Introduced in late 1999 as part of the 2000 model year, hybrid cars have been widely touted as the green, efficient, low-emissions alternative to traditional gas-powered vehicles. In addition, it is common knowledge that they get excellent gas mileage, which has been a huge selling point in recent years.
With more than 40 hybrid models of cars, trucks, and SUVs currently on the market, from manufacturers as diverse as Porsche, Toyota, and Ford, clearly hybrids are a growing segment of the market. But is a hybrid always the best choice? Here is a look at some of the pros and cons, along with information to help you decide whether a hybrid is right for you.
How Hybrid Cars Work
A hybrid car can be loosely defined as any vehicle that has two different power sources. While diesel-electric hybrids appeared in ships and trains during the 20th century, both diesel and electric systems are expensive. Putting both in the same car has proven cost-prohibitive, so today’s hybrid cars use gasoline and electric motors.
Hybrid cars come in three major types: series hybrids, parallel hybrids, and series-parallel hybrids. Each type uses the combination of gas and electric power in a slightly different way. Series-parallel hybrids are often considered the best, as a computer system constantly monitors the vehicle to switch back and forth between driving modes as needed. However, they are more expensive than the other types of hybrids.
Any of the three types of hybrids can also be a plug-in hybrid (PHEV). First introduced with the Chevy Volt in 2010, PHEVs significantly boost the electric driving range by allowing the battery to be plugged into an outlet for recharging, similar to an all-electric vehicle.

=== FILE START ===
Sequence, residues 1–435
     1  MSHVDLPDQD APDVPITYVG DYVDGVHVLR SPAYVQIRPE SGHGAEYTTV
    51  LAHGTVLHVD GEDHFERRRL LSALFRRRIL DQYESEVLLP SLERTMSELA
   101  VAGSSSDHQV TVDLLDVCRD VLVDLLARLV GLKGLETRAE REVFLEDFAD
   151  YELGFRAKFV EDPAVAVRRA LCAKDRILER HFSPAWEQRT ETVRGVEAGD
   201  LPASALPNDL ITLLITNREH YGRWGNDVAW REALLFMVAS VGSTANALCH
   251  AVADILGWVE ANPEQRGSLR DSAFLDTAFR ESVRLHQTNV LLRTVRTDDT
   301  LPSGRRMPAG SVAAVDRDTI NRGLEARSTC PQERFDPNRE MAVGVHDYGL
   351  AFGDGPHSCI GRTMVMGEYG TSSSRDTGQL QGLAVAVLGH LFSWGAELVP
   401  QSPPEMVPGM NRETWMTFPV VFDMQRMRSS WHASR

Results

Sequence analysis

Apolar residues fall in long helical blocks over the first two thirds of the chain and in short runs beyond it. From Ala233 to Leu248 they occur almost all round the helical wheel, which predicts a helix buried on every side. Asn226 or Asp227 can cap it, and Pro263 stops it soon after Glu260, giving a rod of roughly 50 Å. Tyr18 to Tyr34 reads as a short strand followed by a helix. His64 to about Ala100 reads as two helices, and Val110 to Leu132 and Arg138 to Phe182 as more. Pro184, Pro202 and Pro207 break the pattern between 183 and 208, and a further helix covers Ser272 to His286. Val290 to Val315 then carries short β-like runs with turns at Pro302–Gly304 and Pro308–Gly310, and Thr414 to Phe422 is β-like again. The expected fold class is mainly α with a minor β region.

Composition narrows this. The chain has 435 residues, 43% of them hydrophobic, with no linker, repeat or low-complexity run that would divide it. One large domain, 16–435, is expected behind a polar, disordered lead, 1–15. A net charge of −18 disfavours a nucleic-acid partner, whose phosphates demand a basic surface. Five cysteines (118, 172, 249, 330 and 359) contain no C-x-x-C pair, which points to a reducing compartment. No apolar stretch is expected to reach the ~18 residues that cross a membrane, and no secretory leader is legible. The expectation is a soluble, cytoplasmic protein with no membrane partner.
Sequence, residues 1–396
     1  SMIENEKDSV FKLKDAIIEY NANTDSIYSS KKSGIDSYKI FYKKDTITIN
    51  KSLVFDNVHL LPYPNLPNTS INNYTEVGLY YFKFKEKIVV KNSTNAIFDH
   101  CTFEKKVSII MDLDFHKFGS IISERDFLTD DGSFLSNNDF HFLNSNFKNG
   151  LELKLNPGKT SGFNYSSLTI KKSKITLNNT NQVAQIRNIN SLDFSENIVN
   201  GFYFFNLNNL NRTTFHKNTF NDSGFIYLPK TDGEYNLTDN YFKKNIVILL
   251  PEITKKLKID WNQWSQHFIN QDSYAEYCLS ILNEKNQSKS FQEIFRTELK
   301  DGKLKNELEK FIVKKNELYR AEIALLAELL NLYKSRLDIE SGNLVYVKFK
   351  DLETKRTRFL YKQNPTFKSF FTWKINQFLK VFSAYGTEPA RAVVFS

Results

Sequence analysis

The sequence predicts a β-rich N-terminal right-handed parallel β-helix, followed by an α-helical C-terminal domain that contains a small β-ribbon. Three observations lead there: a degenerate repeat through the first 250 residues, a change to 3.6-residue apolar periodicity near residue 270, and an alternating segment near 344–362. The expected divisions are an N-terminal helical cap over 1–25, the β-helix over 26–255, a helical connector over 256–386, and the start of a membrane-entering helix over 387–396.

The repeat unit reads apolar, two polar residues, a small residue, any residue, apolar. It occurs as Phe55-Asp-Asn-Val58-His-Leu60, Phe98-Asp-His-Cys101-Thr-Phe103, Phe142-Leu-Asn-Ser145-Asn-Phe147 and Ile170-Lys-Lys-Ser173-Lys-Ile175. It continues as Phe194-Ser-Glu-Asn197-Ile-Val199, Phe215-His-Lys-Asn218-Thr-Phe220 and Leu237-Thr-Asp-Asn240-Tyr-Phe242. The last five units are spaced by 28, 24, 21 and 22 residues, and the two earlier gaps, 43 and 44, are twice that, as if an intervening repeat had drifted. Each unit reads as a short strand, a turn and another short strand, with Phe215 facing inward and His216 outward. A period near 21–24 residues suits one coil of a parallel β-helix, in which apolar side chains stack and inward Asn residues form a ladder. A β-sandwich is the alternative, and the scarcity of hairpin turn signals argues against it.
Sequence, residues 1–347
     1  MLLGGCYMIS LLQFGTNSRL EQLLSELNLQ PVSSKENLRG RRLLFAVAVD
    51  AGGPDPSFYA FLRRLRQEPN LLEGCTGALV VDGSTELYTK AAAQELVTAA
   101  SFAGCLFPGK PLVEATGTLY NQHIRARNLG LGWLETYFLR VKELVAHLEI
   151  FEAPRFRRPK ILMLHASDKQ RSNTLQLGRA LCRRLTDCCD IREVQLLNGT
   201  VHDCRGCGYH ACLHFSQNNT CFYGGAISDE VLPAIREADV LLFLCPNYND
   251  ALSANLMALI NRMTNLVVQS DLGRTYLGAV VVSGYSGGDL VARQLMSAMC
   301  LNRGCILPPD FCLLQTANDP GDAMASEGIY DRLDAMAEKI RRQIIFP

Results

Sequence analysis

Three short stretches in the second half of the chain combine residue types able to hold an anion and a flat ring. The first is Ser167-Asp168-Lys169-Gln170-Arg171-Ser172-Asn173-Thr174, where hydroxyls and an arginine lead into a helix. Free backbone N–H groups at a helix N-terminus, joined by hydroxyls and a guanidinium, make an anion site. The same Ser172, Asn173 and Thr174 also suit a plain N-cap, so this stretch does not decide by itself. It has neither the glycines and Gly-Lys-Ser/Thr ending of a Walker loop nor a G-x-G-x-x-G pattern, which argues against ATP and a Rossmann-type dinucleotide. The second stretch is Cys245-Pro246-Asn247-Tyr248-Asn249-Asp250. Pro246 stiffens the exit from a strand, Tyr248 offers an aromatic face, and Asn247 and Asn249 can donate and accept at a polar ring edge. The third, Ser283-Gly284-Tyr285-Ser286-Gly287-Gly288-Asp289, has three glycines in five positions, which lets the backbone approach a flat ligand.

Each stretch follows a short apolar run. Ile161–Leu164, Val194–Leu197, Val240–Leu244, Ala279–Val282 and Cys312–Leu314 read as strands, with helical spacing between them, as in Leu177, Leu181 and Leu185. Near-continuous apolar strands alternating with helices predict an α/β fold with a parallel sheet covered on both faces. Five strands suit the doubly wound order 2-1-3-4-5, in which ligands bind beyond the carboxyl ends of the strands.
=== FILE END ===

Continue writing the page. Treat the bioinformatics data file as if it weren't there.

Advantages of Hybrid Cars
There is no doubt that hybrid cars offer quite a few advantages over traditional gasoline models. Here are a few of the biggest benefits:
- Excellent gas mileage, often in the 50 to 60 mpg range, or pushing 100 mpg for PHEVs
- Less dependence on fossil fuels and lower emissions
- Regenerative braking, which can passively recharge the electric motor
- Lighter weight, which translates to less energy required
- Small engine with less cylinder displacement
- Tax incentives
- Lower fuel costs
- Higher resale values
Disadvantages of Hybrid Cars
Despite their clear benefits, hybrid cars also have a number of disadvantages that must be carefully considered. These include, but are not limited to:
- Lower power—although new technology means that they are no longer the putt-putt cars of yesterday, hybrids consistently deliver less overall power output than their gasoline-powered equivalents
- Handling issues due to weight distribution, fewer braces and supports, and a higher center of gravity
- Higher initial purchase prices
- Increased maintenance costs due to their complexity and some repair shops’ unfamiliarity with the systems
Deciding What Is Right for You
Ultimately, the decision to buy any vehicle is highly personal. Whether or not a hybrid is right for you depends largely on your reasons for wanting one. If you have a heavy commute, you might be especially interested in the increased gas mileage—but with today’s lower gas prices, it could take you several years to recoup your higher initial cost. If you are a tech early adopter overall, you might see the future possibilities for the technology and be interested in jumping in now. If you are committed to reducing your carbon footprint, you might be willing to pay a premium in exchange for doing your part to clean up the Earth.
Before committing to any new vehicle purchase, take the time to list the features that are most important to you, and then prioritize them. If hybrid technology remains near the top of your list, do some research into the different types of hybrids and their relative costs both long-term and short-term to determine which fits you best. Walk dealership lots, take several test drives, and choose the car that best fits your needs and desires.
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